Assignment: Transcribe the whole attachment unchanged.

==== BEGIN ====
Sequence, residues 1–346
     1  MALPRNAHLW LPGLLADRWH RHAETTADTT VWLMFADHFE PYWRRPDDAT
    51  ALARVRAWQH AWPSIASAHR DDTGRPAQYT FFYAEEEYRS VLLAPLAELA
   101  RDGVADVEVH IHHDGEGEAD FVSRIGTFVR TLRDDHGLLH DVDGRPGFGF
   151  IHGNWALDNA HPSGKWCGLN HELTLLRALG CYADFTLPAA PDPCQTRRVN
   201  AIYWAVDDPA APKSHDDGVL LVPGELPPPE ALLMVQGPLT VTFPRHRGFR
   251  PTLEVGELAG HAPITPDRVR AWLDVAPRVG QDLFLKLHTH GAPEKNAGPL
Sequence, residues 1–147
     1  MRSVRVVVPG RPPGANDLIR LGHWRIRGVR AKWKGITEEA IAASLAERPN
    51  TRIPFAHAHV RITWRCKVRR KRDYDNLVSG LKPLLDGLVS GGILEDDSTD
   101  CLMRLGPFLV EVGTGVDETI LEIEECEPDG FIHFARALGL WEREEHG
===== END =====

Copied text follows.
Sequence, residues 1–346
     1  MALPRNAHLW LPGLLADRWH RHAETTADTT VWLMFADHFE PYWRRPDDAT
    51  ALARVRAWQH AWPSIASAHR DDTGRPAQYT FFYAEEEYRS VLLAPLAELA
   101  RDGVADVEVH IHHDGEGEAD FVSRIGTFVR TLRDDHGLLH DVDGRPGFGF
   151  IHGNWALDNA HPSGKWCGLN HELTLLRALG CYADFTLPAA PDPCQTRRVN
   201  AIYWAVDDPA APKSHDDGVL LVPGELPPPE ALLMVQGPLT VTFPRHRGFR
   251  PTLEVGELAG HAPITPDRVR AWLDVAPRVG QDLFLKLHTH GAPEKNAGPL
Sequence, residues 1–147
     1  MRSVRVVVPG RPPGANDLIR LGHWRIRGVR AKWKGITEEA IAASLAERPN
    51  TRIPFAHAHV RITWRCKVRR KRDYDNLVSG LKPLLDGLVS GGILEDDSTD
   101  CLMRLGPFLV EVGTGVDETI LEIEECEPDG FIHFARALGL WEREEHG